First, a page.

Another 150 people in Massachusetts have died after testing positive for the new coronavirus, and 1,840 more have contracted the virus.
Tuesday's report from the Massachusetts Department of Public Health comes a day after the state's death toll topped 3,000. It now stands at 3,153.
And a total of 58,302 people have now tested positive for the virus in the Bay State.
Nationwide, the number of cases topped 1 million on Tuesday, and Massachusetts remains the state with the third most cases, behind only New York and New Jersey, according to NBC News' count.
Its death toll is still the fourth-highest, with Michigan joining New York and New Jersey above Massachusetts on the list.
More than 9,500 people were tested for COVID-19, the disease caused by the virus, and only 19% tested positive. That's up slightly from the 17% who had tested positive in the past two days, but still far lower than percentages in the high 20s and low 30s that predominated in April.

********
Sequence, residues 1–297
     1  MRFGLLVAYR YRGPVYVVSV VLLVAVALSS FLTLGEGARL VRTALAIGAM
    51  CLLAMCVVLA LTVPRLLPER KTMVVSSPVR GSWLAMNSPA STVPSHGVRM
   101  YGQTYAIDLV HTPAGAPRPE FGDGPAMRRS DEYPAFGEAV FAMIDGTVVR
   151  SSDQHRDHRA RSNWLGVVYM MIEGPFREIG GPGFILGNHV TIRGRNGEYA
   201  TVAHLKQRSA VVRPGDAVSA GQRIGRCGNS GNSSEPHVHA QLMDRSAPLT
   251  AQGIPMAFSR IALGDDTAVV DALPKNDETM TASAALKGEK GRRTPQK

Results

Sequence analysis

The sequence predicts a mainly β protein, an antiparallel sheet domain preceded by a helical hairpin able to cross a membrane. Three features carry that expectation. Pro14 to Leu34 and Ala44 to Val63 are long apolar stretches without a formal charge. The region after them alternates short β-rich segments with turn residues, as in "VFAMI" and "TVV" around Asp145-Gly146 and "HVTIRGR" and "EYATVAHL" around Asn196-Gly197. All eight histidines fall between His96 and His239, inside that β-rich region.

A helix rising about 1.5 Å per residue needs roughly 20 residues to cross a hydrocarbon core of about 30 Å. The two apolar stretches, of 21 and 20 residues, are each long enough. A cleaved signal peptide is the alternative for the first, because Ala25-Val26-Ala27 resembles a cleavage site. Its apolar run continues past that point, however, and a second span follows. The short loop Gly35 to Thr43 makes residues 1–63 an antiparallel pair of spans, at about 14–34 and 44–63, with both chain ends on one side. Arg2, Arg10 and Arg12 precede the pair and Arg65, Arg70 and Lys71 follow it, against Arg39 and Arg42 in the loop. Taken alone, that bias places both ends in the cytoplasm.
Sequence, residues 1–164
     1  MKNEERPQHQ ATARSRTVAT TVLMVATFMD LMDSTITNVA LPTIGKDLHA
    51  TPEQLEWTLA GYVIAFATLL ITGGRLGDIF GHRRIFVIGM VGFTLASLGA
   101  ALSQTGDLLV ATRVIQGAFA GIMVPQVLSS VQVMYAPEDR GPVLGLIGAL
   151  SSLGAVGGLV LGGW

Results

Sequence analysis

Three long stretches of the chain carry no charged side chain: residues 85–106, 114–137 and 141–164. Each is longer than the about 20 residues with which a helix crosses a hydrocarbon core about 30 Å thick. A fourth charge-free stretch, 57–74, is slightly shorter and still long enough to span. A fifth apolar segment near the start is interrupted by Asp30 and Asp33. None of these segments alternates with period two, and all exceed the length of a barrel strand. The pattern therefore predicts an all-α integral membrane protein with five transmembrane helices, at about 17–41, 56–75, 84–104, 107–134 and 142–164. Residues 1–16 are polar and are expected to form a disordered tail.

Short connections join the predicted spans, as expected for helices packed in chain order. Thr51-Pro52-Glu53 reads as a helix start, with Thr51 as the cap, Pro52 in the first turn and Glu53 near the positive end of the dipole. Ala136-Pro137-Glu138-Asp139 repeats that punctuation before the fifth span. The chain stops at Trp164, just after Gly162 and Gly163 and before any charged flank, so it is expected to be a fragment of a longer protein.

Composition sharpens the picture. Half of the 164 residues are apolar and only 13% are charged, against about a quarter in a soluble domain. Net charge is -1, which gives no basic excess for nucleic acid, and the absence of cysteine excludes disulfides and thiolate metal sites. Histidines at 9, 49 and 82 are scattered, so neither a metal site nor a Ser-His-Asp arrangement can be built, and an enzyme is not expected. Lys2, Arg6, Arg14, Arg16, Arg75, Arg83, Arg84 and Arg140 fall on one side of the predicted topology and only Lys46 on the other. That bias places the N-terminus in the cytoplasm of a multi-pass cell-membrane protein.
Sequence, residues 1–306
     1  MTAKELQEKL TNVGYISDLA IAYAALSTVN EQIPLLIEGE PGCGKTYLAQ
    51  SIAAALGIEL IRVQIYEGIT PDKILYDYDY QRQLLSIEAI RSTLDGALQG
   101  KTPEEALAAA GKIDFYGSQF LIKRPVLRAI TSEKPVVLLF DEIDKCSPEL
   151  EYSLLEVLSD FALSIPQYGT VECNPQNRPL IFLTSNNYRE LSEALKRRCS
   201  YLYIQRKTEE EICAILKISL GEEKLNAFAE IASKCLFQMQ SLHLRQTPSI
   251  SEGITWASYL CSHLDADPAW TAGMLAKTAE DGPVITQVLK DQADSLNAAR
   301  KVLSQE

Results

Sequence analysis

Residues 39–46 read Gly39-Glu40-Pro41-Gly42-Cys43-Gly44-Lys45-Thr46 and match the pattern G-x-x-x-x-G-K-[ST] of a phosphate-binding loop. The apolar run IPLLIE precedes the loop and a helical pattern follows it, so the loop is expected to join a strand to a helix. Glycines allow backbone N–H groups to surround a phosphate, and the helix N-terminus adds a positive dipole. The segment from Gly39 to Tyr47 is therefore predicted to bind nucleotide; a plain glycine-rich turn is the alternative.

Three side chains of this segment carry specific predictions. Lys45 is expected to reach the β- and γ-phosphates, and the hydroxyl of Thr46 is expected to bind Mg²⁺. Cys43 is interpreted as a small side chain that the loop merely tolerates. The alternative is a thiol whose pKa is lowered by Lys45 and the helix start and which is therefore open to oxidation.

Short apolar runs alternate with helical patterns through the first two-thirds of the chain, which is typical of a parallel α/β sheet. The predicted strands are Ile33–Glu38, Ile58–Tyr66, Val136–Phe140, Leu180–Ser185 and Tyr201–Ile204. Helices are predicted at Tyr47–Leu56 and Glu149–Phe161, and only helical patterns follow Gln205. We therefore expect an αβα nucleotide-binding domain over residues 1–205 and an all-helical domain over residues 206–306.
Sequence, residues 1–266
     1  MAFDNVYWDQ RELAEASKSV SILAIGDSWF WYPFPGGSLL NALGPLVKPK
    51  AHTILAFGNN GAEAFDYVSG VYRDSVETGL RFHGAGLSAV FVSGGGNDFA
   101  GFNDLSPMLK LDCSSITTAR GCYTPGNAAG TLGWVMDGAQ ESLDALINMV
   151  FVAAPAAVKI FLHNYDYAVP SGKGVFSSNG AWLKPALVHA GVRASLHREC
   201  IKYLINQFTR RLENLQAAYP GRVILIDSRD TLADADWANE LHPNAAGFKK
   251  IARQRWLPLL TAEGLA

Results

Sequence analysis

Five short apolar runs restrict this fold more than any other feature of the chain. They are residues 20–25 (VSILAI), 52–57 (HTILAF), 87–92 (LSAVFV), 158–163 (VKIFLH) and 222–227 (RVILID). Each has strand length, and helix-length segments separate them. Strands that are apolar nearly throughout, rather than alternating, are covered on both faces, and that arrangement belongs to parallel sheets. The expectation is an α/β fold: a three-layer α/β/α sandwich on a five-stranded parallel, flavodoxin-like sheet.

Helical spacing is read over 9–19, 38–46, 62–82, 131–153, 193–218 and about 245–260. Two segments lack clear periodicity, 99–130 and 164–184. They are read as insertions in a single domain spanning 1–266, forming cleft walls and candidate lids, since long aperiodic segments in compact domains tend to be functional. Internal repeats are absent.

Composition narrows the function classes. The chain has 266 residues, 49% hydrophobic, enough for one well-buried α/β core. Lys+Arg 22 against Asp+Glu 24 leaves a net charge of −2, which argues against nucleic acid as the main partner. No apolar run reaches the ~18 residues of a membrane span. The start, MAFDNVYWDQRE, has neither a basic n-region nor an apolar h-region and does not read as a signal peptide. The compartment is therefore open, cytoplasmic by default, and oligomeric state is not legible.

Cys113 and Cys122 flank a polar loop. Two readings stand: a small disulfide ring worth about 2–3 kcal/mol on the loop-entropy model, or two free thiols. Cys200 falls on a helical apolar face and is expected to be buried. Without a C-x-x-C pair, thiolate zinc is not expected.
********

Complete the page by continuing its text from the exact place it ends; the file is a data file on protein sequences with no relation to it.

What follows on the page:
The number of daily cases and fatalities is seen as a way to gauge when and how to safely reopen the economy. Gov. Charlie Baker said earlier Tuesday that the number of cases has plateaued but has not begun to decline -- one of his requirements for reopening.
He extended Massachusetts' stay-at-home advisory and non-essential business closure, damping the hopes of some residents that the measures meant to stop the spread of the virus would soon be eased.
Coronavirus Infection Rates in Mass. Cities and Towns
While Middlesex County has the most deaths in Massachusetts, with 731, Hampden County has its highest death rate, 73 per 100,000 residents. That's followed by Norfolk (63 per 100,000), Suffolk (58 per 100,000) and Plymouth (49 per 100,000) counties.
Middlesex County continues to have the most coronavirus cases, with 13,417, followed by Suffolk at 12,140, Essex at 7,972 and Norfolk at 5,567. But Suffolk County leads the way in terms of cases per capita, with 1,494 cases per 100,000 residents. No other county has more than 999 cases per 100,000.
Just 7% of those who have tested positive for COVID-19 are in the hospital, and only 46% of the hospital beds in the state are occupied, according to the Department of Public Health. There are 1,005 people in the state's intensive care units.